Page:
Former Treasurer, Prime Minister, and architect of Australia’s compulsory superannuation system, Paul Keating, over the weekend called for curbs on self-managed superannuation funds (SMSFs) using leverage to invest in Australian residential property. From The AFR:
[There has] been “a dramatic acceleration” in investor financing, said Mr Keating…
“This is associated with the growth of self-managed super funds and their ability to borrow,” he said. “If I was treasurer today, I would be looking very hard at the whole entitlement or availability of debt to SMSFs. They have gearing available to them and, of course, many of them are taking the option of buying residential property”…
“This is making it nearly impossible for younger people, owner-occupiers, to afford to house themselves”…
“We can’t persist with the position where our children cannot afford to house themselves and that is where we are now”…
…Weighing into the debate about whether macro-prudential controls were needed on banks to curb property investing, Mr Keating said this would be better than raising interest rates.
…“If banks tell you lending standards are not suffering at all, don’t believe them.
Keating’s warning echoes those of the draft report of the Murray Inquiry into Australia’s financial system, which in July took direct aim at the embryonic growth of SMSF property leverage:
The use of leverage in superannuation funds to finance asset purchases is embryonic but growing. The proportion of SMSFs with borrowings increased from 1.1 per cent in 2008 to 3.7 per cent in 2012. The average amount borrowed increased over this period from $122,000 to $357,000. Total borrowings in 2012 were over $6.2 billion. More recently, Investment Trends research found that, over the year to April 2014, the number of SMSFs using geared products increased by more than 11 per cent to 38,000…
If allowed to continue, growth in direct leverage by superannuation funds, although embryonic, may create vulnerabilities for the superannuation and financial systems.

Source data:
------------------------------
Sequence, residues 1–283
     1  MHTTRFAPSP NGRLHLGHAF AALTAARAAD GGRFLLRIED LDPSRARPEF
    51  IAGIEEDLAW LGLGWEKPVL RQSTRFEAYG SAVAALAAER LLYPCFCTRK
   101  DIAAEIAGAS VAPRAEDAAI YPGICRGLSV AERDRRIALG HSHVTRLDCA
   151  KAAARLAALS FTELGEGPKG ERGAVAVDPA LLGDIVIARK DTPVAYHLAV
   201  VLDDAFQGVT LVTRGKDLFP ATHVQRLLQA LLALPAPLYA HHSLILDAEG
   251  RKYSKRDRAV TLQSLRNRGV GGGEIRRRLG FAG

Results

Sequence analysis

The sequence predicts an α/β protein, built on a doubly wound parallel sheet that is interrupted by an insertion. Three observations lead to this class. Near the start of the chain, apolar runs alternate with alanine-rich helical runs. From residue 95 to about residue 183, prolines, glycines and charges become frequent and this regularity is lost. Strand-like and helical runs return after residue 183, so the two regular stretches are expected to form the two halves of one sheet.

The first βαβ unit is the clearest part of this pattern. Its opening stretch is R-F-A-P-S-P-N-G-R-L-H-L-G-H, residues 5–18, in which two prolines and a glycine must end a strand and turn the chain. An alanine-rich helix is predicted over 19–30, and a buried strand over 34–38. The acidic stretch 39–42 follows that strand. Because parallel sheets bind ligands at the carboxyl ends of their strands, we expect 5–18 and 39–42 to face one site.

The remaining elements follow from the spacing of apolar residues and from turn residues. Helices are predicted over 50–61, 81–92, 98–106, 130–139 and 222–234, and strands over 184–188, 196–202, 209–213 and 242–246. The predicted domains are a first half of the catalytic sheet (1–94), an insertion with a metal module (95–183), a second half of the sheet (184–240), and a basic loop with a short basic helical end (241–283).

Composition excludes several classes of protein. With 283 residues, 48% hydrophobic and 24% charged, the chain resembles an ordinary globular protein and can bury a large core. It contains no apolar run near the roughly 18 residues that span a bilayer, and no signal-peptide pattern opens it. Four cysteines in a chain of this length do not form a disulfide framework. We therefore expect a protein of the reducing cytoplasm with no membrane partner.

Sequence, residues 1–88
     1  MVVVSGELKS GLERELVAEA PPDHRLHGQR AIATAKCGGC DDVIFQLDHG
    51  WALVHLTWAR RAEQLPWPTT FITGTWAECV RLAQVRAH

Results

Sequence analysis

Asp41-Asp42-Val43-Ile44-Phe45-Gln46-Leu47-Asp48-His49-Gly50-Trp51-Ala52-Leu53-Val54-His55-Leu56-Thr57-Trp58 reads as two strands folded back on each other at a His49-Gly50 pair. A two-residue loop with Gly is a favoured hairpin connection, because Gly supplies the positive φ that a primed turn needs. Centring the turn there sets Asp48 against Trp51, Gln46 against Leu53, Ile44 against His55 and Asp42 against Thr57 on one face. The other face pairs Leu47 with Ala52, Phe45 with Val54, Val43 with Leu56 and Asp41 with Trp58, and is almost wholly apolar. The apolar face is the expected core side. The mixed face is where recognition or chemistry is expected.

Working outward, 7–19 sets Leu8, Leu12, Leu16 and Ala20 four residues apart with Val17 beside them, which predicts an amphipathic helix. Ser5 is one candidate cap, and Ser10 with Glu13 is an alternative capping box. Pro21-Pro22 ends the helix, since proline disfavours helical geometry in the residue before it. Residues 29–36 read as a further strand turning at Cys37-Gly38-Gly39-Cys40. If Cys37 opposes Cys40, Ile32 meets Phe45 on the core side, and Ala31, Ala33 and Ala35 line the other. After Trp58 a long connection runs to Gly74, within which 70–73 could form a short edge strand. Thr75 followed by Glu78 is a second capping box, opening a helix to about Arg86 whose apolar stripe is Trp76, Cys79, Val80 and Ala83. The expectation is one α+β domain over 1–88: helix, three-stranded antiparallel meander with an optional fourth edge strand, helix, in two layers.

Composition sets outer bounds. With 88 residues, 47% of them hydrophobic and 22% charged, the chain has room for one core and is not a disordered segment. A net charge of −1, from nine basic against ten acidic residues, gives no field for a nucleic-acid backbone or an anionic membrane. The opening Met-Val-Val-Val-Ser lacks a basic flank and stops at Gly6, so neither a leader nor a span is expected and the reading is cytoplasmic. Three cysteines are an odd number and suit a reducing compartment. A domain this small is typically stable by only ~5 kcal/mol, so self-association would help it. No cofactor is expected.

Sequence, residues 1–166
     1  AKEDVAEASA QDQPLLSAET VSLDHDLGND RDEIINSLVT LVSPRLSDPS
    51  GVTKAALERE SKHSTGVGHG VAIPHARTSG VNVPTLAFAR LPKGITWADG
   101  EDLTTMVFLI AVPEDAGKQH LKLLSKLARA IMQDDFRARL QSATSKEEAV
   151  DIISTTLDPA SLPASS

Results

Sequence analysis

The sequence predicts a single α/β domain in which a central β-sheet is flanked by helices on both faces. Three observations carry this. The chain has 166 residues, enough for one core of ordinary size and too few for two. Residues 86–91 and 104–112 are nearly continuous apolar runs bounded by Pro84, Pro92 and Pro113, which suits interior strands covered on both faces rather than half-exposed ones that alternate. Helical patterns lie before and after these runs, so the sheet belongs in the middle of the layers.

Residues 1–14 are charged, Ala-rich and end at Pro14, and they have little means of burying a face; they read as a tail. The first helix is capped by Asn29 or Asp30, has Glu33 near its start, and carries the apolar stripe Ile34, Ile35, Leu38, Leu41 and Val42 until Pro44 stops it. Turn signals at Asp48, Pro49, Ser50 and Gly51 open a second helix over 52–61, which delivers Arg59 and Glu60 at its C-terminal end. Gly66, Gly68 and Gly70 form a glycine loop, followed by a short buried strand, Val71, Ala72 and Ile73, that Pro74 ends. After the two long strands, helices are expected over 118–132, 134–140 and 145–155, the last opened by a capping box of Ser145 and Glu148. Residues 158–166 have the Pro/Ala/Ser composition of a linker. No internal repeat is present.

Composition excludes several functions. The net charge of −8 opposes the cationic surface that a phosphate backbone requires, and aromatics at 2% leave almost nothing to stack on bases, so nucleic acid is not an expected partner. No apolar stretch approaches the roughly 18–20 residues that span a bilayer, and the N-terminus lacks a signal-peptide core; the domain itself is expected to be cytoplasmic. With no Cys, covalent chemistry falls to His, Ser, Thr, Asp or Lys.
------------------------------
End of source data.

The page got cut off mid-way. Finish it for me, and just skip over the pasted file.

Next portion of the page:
The Murray draft report also recommended removing the ability of super funds to leverage into investments:
The general prohibition on borrowing in superannuation was introduced for sound reasons. Although levels of direct leverage in the superannuation sector are low, they are increasing. Removing direct leverage in superannuation is consistent with the concept that superannuation tax concessions should apply to funds that have been saved and not borrowed. There are ample opportunities — and tax benefits — for individuals to borrow outside superannuation.
Allowing super funds to leverage into property and other investments was one of the biggest blunders of the Howard Government. In permitting leveraged investment, the Coalition effectively turned super from being a retirement savings system into a speculative vehicle, in the process dramatically increasing the riskiness of Australia’s retirement savings and financial system, and placing further upwards pressure on Australian house prices.
Already, cases have emerged whereby SMSFs face collapse due to leveraged property deals that have gone wrong. In July, The AFR reported several cases of collapses of over-leveraged SMSF schemes that invested in off-the-plan apartments, fueled by generous incentives offered on apartment sales by developers to unauthorised and unqualified financial and property advisers that recommend their projects. Similar reports have emerged that some SMSF investors had lost up to three quarters of their investment in dodgy property deals over the past two years, again fueled by “offers of up to 20 per cent commissions, top-up bonuses and other special cash incentives to encourage the super investors to buy off-the-plan apartments”.
Given some SMSFs have already lost large sums during a period of strong property price appreciation, it stands to reason that investors could face heavy losses once price appreciation slows or values fall.
It is a disaster waiting to happen and highlights the need for leveraged investment in superannuation to once again be banned.
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